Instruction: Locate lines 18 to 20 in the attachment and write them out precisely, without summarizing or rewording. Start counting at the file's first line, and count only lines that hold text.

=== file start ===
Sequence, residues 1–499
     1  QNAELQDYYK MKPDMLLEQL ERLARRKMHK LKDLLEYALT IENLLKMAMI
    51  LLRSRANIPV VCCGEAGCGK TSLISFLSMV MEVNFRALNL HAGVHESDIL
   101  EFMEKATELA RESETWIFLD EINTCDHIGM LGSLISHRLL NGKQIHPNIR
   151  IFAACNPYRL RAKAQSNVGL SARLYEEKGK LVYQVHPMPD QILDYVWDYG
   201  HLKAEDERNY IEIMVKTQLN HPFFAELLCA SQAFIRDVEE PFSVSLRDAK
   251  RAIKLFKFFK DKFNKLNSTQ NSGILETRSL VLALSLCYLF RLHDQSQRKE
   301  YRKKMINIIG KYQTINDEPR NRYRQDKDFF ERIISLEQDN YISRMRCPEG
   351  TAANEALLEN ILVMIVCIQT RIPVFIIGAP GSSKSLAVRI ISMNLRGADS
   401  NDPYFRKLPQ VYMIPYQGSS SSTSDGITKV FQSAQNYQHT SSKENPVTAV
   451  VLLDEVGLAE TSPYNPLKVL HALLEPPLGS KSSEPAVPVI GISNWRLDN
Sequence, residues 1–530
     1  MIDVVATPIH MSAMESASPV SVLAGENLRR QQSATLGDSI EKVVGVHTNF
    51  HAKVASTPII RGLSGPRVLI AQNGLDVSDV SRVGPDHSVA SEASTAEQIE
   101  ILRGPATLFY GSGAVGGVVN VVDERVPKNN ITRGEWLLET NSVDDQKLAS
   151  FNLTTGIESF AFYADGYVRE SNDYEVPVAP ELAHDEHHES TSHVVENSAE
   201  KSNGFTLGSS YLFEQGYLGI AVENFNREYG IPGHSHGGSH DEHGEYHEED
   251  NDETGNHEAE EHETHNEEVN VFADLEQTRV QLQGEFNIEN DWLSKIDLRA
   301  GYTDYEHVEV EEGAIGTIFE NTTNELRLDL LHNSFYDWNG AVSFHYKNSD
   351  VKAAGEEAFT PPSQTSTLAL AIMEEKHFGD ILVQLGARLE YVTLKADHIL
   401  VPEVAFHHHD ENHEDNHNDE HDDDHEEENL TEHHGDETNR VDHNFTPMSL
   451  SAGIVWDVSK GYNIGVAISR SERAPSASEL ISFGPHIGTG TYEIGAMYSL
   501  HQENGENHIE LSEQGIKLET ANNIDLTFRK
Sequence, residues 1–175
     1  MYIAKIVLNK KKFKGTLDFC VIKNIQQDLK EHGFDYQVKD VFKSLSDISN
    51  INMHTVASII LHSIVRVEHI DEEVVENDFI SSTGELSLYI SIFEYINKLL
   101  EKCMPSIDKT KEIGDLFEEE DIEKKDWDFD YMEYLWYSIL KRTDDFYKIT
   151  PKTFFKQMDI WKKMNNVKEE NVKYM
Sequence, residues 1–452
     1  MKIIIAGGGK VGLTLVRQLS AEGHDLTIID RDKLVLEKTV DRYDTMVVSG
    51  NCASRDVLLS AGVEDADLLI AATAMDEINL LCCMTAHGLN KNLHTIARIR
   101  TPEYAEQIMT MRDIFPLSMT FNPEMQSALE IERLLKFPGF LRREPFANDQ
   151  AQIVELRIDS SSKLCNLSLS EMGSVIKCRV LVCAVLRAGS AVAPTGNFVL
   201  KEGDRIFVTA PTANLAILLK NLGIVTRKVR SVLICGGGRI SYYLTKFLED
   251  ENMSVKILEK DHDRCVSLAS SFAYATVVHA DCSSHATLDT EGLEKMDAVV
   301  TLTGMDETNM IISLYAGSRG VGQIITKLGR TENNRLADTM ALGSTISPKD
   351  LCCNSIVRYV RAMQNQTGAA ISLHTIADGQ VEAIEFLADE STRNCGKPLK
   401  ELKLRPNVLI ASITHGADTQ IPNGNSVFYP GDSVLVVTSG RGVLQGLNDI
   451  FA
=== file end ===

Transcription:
   251  NDETGNHEAE EHETHNEEVN VFADLEQTRV QLQGEFNIEN DWLSKIDLRA
   301  GYTDYEHVEV EEGAIGTIFE NTTNELRLDL LHNSFYDWNG AVSFHYKNSD
   351  VKAAGEEAFT PPSQTSTLAL AIMEEKHFGD ILVQLGARLE YVTLKADHIL